Bank­rupt and weary, di­et pill mak­er Orex­i­gen to sell for $75M to Nal­pro­pi­on

Di­et pill mak­er Orex­i­gen Ther­a­peu­tics can fi­nal­ly turn out the lights. Af­ter a years-long bat­tle to bring its fi­nances in­to the black, the com­pa­ny put its as­sets for sale, filed for bank­rupt­cy, and fi­nal­ly at­tract­ed a buy­er.

Michael Narachi

The San Diego-based com­pa­ny has inked a deal to be pur­chased for $75 mil­lion by Nal­pro­pi­on Phar­ma­ceu­ti­cals, a new­ly-cre­at­ed com­pa­ny cap­i­tal­ized by an in­vestor group that in­cludes Pernix Ther­a­peu­tics, a small-cap pub­lic com­pa­ny in New Jer­sey.

Nal­pro­pri­on is buy­ing all of Orex­i­gen’s as­sets, in­clud­ing world­wide rights to the weight­loss drug Con­trave (mar­ket­ed un­der the brand name Mysim­ba in the EU).

The past few years have been tu­mul­tuous for Orex­i­gen, with the com­pa­ny’s stock plum­met­ing 99% since its height in 2015. De­spite a best-sell­ing weight­loss drug on the mar­ket among its brand­ed com­peti­tors, the com­pa­ny has faced hur­dle af­ter hur­dle, in­clud­ing a le­gal fight to de­fend its patent rights and a lack­lus­ter mar­ket for di­et pills in gen­er­al.

The com­pa­ny’s sole rev­enue dri­ver was Con­trave, which came on the mar­ket in 2014. It quick­ly snagged the biggest share of sales among brand name di­et pills, cap­tur­ing 52% and sur­pass­ing Qsymia, Sax­en­da, and Belviq. The com­pa­ny was inch­ing — al­beit very slow­ly — to­ward prof­itabil­i­ty for the past 15 years. It wasn’t enough.

Back in 2017, CEO Michael Narachi told me he hoped a merg­er or sale would get the com­pa­ny back on track with the abil­i­ty to share costs with an­oth­er or­ga­ni­za­tion. Then last month Orex­i­gen an­nounced a Chap­ter 11 bank­rupt­cy in a last-ditch ef­fort to set­tle its ac­counts (and like­ly at­tract a buy­er).

The deal with Nal­pro­pi­on is sub­ject to high­er and bet­ter of­fers, Orex­i­gen not­ed in a press re­lease, and the of­fer win­dow will close June 21.

Orex­i­gen sent this state­ment in re­sponse to my re­quest for more in­for­ma­tion about the San Diego of­fice, and the fu­ture of the em­ploy­ees work­ing there.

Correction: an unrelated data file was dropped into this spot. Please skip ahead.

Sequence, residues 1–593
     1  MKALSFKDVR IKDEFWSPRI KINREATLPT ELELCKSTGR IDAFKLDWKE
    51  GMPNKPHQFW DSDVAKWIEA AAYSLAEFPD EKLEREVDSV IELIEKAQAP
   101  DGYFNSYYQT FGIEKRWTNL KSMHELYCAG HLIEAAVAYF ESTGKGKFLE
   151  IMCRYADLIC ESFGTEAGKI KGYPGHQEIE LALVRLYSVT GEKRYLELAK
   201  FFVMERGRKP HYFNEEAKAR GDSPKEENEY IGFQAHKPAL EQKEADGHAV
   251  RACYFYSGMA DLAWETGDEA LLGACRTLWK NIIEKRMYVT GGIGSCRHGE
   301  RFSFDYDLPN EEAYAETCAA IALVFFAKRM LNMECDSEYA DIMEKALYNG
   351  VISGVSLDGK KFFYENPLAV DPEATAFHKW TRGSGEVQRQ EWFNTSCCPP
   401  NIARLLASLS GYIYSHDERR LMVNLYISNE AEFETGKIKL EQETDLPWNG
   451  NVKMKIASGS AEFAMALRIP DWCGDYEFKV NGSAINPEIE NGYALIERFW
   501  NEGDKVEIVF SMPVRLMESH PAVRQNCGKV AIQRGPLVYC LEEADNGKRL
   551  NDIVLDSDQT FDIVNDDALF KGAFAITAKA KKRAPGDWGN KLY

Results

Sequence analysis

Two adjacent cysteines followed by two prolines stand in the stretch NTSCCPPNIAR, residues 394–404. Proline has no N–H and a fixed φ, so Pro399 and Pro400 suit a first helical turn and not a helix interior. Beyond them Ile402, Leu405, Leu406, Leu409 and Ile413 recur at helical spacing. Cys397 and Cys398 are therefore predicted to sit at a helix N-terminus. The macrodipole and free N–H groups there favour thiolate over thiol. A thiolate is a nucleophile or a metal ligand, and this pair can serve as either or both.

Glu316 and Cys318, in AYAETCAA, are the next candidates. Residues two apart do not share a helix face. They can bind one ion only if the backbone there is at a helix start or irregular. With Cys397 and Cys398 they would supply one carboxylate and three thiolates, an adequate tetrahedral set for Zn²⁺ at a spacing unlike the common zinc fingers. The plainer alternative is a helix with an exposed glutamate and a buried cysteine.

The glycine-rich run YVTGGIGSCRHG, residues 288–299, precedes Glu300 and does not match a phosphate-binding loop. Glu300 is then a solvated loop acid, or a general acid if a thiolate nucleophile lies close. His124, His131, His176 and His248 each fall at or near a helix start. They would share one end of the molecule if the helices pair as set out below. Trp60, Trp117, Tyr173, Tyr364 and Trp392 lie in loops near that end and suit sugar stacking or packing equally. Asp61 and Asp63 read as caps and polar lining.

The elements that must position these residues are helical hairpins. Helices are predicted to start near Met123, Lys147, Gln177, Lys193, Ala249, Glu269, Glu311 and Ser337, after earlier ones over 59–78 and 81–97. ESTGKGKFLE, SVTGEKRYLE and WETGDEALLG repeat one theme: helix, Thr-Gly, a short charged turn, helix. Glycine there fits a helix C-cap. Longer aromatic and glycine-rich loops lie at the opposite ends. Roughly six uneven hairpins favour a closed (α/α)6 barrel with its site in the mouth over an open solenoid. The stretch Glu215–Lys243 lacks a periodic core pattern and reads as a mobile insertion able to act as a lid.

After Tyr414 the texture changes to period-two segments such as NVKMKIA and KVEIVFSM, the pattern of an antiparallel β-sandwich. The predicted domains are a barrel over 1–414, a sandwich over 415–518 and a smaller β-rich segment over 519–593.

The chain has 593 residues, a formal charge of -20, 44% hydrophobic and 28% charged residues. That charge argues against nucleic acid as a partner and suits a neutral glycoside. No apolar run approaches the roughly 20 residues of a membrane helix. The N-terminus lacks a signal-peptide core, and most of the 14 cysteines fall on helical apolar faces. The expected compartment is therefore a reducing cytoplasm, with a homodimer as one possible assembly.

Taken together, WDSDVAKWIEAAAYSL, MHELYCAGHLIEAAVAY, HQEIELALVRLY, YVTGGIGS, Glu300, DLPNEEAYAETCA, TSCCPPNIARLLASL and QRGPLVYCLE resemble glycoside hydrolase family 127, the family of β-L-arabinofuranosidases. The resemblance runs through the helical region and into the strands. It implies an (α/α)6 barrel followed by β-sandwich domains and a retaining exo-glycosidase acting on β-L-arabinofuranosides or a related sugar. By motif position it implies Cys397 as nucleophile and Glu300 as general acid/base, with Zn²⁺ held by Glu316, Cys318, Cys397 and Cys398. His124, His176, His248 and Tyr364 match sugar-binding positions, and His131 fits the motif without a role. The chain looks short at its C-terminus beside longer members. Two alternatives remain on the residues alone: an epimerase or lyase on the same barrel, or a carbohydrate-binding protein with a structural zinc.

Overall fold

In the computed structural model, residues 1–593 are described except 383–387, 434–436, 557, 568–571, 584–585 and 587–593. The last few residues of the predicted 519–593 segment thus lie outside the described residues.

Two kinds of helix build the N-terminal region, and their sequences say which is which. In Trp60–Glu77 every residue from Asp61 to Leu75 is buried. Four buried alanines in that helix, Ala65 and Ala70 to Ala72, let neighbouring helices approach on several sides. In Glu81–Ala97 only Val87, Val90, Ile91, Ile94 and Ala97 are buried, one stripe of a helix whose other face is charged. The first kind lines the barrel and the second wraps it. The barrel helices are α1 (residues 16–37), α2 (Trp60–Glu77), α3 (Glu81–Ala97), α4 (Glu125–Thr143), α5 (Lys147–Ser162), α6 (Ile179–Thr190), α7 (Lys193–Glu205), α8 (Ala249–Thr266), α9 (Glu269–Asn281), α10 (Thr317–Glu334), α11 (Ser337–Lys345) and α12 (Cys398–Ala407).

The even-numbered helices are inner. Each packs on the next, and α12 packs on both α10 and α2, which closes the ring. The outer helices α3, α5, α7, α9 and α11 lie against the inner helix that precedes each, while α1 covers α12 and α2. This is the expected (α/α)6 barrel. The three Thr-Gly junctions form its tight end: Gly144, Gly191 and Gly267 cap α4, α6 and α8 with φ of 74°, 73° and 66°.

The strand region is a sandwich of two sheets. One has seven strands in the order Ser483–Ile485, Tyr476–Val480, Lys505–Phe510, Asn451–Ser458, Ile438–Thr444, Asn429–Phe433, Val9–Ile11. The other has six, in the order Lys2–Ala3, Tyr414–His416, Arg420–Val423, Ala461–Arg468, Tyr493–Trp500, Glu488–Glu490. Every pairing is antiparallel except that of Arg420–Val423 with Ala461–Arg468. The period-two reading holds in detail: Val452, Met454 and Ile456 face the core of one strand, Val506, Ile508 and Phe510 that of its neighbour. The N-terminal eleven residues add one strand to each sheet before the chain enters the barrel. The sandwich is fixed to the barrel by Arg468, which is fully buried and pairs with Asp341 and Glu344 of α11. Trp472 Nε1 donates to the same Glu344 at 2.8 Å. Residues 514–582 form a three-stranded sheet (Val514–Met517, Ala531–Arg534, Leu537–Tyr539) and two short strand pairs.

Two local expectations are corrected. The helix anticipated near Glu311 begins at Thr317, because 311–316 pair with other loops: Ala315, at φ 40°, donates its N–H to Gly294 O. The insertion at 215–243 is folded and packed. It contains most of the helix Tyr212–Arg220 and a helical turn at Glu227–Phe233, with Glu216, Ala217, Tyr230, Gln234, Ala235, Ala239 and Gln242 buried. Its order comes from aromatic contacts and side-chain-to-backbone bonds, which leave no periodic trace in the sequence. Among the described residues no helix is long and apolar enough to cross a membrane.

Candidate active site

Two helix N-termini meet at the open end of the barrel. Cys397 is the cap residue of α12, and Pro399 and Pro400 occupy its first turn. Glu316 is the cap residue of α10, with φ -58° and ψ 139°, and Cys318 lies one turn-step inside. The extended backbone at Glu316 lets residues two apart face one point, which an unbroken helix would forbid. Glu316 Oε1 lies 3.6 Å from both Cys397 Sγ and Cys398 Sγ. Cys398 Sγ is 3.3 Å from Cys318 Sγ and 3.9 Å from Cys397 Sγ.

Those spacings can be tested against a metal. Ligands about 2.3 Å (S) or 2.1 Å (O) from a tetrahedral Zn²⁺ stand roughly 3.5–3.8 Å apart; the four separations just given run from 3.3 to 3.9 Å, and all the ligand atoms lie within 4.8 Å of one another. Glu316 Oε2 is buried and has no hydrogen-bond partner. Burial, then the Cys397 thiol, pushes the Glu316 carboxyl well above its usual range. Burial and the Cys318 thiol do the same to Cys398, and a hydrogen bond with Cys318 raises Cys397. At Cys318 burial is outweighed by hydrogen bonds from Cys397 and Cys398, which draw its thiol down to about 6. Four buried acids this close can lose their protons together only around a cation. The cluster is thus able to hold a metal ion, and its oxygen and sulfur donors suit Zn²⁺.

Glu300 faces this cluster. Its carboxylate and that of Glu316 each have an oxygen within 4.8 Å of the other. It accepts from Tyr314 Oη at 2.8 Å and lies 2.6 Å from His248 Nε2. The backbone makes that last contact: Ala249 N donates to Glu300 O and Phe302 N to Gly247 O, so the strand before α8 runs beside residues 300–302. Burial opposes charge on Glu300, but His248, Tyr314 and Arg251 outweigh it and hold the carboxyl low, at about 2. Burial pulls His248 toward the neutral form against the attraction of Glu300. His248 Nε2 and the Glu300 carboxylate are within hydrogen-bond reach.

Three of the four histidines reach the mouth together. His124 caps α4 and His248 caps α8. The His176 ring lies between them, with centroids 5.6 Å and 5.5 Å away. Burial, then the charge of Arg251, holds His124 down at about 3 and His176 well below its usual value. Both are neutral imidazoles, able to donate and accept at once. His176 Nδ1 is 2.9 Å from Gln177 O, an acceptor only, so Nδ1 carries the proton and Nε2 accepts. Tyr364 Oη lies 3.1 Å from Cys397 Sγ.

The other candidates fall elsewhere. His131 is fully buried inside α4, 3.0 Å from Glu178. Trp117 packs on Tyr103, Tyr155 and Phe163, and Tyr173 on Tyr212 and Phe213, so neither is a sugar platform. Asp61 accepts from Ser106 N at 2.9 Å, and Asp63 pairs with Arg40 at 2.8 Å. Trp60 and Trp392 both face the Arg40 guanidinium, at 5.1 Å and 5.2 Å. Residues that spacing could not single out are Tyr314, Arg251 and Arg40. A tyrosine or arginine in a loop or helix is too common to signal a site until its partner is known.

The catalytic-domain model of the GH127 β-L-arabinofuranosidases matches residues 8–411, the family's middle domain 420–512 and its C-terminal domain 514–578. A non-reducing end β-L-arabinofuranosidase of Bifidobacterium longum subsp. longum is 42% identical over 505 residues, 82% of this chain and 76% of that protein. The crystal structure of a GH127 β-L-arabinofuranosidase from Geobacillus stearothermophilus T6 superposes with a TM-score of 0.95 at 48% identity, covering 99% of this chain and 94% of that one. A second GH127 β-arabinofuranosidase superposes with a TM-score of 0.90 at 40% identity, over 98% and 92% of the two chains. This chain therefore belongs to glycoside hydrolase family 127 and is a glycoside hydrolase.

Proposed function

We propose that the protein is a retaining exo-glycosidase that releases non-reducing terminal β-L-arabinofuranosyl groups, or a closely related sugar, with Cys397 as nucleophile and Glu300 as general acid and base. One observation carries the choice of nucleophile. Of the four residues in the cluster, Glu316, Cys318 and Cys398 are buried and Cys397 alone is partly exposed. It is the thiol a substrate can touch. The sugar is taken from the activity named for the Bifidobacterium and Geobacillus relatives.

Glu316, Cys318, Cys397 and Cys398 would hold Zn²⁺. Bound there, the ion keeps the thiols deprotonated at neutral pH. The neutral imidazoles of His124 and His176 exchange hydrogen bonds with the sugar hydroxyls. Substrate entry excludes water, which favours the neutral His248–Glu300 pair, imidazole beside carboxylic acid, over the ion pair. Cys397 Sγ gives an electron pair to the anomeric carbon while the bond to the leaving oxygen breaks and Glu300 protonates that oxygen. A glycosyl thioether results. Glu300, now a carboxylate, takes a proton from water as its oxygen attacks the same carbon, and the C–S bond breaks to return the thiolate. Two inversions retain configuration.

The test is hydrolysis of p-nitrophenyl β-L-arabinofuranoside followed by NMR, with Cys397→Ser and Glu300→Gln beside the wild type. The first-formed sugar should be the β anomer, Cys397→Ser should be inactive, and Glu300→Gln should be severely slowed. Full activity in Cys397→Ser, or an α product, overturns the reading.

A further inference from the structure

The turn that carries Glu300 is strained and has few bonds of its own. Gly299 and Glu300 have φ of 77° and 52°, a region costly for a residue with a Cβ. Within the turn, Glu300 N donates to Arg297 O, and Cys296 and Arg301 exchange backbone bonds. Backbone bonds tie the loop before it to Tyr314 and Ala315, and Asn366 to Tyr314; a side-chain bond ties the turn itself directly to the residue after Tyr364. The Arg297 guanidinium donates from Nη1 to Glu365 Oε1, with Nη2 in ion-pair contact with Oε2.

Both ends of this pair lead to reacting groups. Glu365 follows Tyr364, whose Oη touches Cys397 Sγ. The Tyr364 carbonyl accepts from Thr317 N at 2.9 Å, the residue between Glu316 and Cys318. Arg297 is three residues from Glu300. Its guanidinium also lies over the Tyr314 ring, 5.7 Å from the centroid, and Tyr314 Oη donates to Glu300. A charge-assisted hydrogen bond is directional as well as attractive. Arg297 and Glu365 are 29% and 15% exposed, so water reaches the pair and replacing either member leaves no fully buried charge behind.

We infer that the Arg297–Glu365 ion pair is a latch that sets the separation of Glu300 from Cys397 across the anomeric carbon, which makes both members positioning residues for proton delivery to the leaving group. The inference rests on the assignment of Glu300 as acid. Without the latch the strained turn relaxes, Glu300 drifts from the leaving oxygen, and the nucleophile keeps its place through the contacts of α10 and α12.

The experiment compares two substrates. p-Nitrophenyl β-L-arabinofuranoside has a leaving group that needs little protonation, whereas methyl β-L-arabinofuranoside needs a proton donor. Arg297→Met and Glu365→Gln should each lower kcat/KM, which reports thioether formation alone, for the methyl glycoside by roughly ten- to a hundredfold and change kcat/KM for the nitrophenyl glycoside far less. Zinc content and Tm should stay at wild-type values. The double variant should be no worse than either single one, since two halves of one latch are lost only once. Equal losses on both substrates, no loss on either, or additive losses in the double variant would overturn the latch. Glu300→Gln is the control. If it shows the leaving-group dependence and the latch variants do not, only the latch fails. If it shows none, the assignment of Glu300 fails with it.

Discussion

“The em­ploy­ees at Orex­i­gen are an im­por­tant el­e­ment of the val­ue of the com­pa­ny.  Through our in­ter­ac­tions with this po­ten­tial buy­er, we be­lieve they al­so rec­og­nize the con­tri­bu­tions made by our em­ploy­ees.  We plan to con­tin­ue to sup­port our team dur­ing this process.”

Biotech Half­time Re­port: Af­ter a bumpy year, is biotech ready to re­bound?

The biotech sector has come down firmly from the highs of February as negative sentiment takes hold. The sector had a major boost of optimism from the success of the COVID-19 vaccines, making investors keenly aware of the potential of biopharma R&D engines. But from early this year, clinical trial, regulatory and access setbacks have reminded investors of the sector’s inherent risks.

RBC Capital Markets recently surveyed investors to take the temperature of the market, a mix of specialists/generalists and long-only/ long-short investment strategies. Heading into the second half of the year, investors mostly see the sector as undervalued (49%), a large change from the first half of the year when only 20% rated it as undervalued. Around 41% of investors now believe that biotech will underperform the S&P500 in the second half of 2021. Despite that view, 54% plan to maintain their position in the market and 41% still plan to increase their holdings.

How to col­lect and sub­mit RWD to win ap­proval for a new drug in­di­ca­tion: FDA spells it out in a long-await­ed guid­ance

Real-world data is messy. There can be differences in the standards used to collect different types of data, differences in terminologies and curation strategies, and even in the way data is exchanged.

While acknowledging this somewhat controlled chaos, the FDA is now explaining how biopharma companies can submit study data derived from real-world data (RWD) sources in applicable regulatory submissions, including new drug indications.

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David Livingston (Credit: Michael Sazel for CeMM)

Renowned Dana-Far­ber sci­en­tist, men­tor and bio­phar­ma ad­vi­sor David Liv­ingston has died

David Livingston, the Dana-Farber/Harvard Med scientist who helped shine a light on some of the key molecular drivers of breast and ovarian cancer, died unexpectedly last Sunday.

One of the senior leaders at Dana-Farber during his nearly half century of work there, Livingston was credited with shedding light on the genes that regulate cell growth, with insights into inherited BRCA1 and BRCA2 mutations that helped lay the scientific foundation for targeted therapies and earlier detection that have transformed the field.

David Lockhart, ReCode Therapeutics CEO

Pfiz­er throws its weight be­hind LNP play­er eye­ing mR­NA treat­ments for CF, PCD

David Lockhart did not see the meteoric rise of messenger RNA and lipid nanoparticles coming.